Most people have heard of a CFO and a bookkeeper. If you are unfamiliar, CFO stands for Chief Financial Officer. Essentially, they are in charge of all the financial operations of a business. A bookkeeper on the other hand keeps the books in order and makes sure all the transactions get properly entered into the accounting software. There is a position that exists between these two important roles that is often misunderstood. That position is the controller.
This week, I want to touch on some of the key duties of a controller and how they can benefit a company.
Understand that the role of controller doesn’t have to be a full time position. It can be part time or even a position that is outsourced to a firm like ours. However, it is important to fully understand the role of a controller so that you can identify a need when it arises. Many times companies will hire a bookkeeper or a CFO when they really need a controller. Understanding the role can save you from over hiring a CFO or placing too much responsibility on a bookkeeper.
Internal Controls and Accounting Procedures
Given the name controller, its pretty apparent that a big part of the job is developing and monitoring internal controls and procedures. In any size organization, it is important to have internal controls in place to protect against fraud or other potential harmful situations. In addition, it is equally important to have fully documented accounting procedures in place so that everyone is clear on their roles and responsibilities.
Timely Monthly Financial Close
Closing the books each month in a timely fashion allows the business to make more informed decisions based on accurate information. The controller needs to review the books, create any journal entries needed and provide the management team with the Profit and Loss, Balance Sheet and Cash Flow Statements.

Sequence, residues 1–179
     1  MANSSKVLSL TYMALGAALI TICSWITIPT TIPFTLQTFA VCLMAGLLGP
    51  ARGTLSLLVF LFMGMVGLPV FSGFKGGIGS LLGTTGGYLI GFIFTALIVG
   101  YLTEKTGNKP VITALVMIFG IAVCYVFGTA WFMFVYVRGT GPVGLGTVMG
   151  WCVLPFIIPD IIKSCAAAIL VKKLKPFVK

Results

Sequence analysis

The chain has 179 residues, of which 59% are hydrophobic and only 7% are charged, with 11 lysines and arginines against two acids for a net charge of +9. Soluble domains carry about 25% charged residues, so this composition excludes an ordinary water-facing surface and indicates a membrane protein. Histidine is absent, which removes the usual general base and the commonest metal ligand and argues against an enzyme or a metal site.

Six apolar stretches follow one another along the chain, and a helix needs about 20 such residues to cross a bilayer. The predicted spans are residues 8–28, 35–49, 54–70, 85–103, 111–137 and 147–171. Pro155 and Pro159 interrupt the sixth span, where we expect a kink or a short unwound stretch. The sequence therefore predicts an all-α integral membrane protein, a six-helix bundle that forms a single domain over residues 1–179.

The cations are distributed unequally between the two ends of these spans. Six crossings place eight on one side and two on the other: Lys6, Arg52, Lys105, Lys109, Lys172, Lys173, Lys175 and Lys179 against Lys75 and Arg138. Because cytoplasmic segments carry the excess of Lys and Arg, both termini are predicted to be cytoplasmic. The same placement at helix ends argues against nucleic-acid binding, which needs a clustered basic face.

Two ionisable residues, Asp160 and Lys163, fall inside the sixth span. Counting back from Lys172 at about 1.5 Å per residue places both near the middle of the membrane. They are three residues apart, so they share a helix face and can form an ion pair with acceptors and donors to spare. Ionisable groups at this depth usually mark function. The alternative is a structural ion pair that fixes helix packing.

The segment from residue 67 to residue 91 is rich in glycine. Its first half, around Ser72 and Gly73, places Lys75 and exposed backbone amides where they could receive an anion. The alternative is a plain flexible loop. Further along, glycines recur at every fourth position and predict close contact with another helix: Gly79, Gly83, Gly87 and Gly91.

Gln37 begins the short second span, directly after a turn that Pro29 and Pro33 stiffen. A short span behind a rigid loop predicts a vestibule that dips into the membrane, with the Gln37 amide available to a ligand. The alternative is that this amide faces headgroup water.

Compile Data Into Additional Reports
Once the financial close is complete, the controller will then prepare any additional reports that are required for the business. This might include things such as budget to actual, bench-marking, ratio analysis or job costing.
Oversee the Accounting Department
Typically, the controller has complete oversight of the entire accounting department. In a smaller business, this might just be one person but as the business grows, it is important to have one person who oversees the entire process.
Control Over Accounts Receivable and Accounts Payable
The bookkeeper or office manager is typically in charge of invoicing clients and paying bills, but as issues arise, the controller will step in and take charge. They will need to call on clients with overdue accounts and negotiate new vendor pricing if needed.
Manage the Budget and Forecast
The controller will be responsible for creating the budget and forecast each year. They will have to coordinate with the entire team to make sure everything has been accounted for. Once these are created, it is their job to make sure the organization is following the budget and the forecast as closely as possible.
Coordinate With External Accountants
This may not apply to some organizations but most at least have an external tax accountant. The controller would be able to supply them with any reports they need and also answer questions as they arise in order to prepare the tax return. This would also hold true if the company needs audited financial statements.
Evaluate and Monitor the Financial Health of the Company
While the CFO is focused on the financial strategy of the business, the controller needs to constantly monitor the health of the company. If something doesn’t look right, they need to report it to management or the CFO and determine the next steps. Since they have their pulse on the details of the financials day in and day out, many times they are the first to uncover issues.
Assistance With Tax Filings and Compliance
The controller might not be directly responsible to prepare and file all the necessary tax filings, but they need to make sure that everything is filed in a timely fashion. This could include things such as payroll taxes, sales tax reports and business licenses.
As you move into larger companies, there may be many more accounting roles then the bookkeeper, controller and CFO. On the flip side, smaller companies may have 1 person fulfilling all 3 duties. Regardless of where you stand, it is important to understand where your company is at in its growth cycle and determine what roles need to be separated.
As a general recommendation, most small businesses should have a bookkeeper/office manager and a controller/CFO (most likely in an outsourced role). This is a great model to make sure everything is in order as well as to use your financials to promote future growth.
If you have any questions about the roles discussed above or what structure might best suit your company, feel free to reach out anytime.
Have a great weekend!